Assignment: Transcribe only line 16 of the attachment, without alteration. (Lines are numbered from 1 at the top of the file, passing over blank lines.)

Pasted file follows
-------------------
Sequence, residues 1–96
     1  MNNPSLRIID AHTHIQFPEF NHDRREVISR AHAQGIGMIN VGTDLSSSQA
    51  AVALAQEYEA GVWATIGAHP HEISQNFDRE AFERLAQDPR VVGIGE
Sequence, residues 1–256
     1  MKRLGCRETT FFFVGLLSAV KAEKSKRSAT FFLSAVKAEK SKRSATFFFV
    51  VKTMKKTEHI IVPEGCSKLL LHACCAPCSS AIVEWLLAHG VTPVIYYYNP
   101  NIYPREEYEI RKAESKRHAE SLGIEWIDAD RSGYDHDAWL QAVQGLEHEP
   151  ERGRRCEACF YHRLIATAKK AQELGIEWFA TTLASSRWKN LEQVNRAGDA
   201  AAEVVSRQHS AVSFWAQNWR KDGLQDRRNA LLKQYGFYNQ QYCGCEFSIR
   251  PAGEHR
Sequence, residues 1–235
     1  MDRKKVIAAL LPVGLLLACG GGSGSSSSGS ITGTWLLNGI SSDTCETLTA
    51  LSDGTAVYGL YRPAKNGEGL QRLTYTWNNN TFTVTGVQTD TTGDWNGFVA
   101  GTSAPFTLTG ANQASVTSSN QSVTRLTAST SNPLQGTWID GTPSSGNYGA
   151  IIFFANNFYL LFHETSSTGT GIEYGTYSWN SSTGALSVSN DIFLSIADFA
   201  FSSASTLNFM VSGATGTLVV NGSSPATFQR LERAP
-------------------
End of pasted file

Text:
   201  FSSASTLNFM VSGATGTLVV NGSSPATFQR LERAP